Elizabeth Van Lew

Posted: July 7, 2008 in Civil War, Counterintelligence, Cryptology, Espionage, Tradecraft

Elizabeth Van Lew (1818-1900) was a Quaker educated daughter of a Virginia plantation owner who became a Union Military spy during the Civil War.

Aside from Elizabeth’s involvement in the Mary Elizabeth Bowser spying affair, Van Lew was openly Pro-Union, an abolitionist, openly provided food and clothing to Union POW’s (also helped a few escape as well), and used a great deal of her own fortune to finance her espionage activities for which, oddly, she was never arrested.

Many thought Elizabeth generally strange and she garnered the nickname “Crazy Bet”. Crazy or not, Van Lew operated a hugely successful spy ring that infiltrated both the Navy and Army War Department of the Confederacy. On the cheeky side, Van Lew communicated her intelligence to Ulysses Grant by sending him flowers wrapped in a Richmond, Virginia newspaper (because she developed a cipher system for the newspaper to be decoded), and even smuggled messages out of Virginia via hollow eggs.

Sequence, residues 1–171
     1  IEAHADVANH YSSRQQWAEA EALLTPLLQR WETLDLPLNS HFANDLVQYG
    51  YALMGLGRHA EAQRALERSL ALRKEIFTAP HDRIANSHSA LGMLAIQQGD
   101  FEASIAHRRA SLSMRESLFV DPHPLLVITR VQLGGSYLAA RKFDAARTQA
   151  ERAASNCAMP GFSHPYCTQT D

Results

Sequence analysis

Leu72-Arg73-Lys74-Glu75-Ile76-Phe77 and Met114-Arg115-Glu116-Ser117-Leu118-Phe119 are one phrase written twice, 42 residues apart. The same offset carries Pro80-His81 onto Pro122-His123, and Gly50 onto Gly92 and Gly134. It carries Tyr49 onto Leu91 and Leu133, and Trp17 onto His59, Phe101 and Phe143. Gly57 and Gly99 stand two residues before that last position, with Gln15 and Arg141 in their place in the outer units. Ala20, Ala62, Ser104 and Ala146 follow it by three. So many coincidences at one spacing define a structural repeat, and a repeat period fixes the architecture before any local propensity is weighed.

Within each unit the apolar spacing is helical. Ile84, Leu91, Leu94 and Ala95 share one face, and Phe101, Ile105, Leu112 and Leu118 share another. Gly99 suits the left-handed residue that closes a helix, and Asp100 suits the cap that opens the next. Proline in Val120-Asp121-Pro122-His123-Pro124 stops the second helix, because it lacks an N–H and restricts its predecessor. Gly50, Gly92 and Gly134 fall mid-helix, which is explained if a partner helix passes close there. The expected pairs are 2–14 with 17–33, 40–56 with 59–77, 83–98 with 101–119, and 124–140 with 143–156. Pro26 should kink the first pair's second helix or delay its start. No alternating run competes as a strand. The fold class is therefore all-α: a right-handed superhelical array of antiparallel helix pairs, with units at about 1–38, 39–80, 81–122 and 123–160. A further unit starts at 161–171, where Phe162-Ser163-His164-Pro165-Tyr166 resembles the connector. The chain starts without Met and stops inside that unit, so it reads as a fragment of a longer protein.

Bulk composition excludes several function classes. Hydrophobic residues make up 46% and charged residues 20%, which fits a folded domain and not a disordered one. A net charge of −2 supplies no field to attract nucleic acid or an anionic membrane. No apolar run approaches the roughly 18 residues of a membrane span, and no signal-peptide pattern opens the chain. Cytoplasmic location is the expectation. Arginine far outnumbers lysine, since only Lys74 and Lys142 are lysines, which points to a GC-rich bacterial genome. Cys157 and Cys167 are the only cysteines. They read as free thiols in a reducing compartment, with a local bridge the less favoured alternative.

Highly praised for her valuable intelligence work during the war, Van Lew was rewarded with, well, nothing. Her family fortune was spent on her intelligence activities and she was ostracized from her Richmond neighbors. She died penniless and was buried in an unmarked grave until the family of a Union soldier whom she aided donated a gravestone.

Like her fellow sister-in-the-know, Mary Elizabeth Bowser, Elizabeth Van Lew was inducted into the Military Intelligence Hall of Fame.


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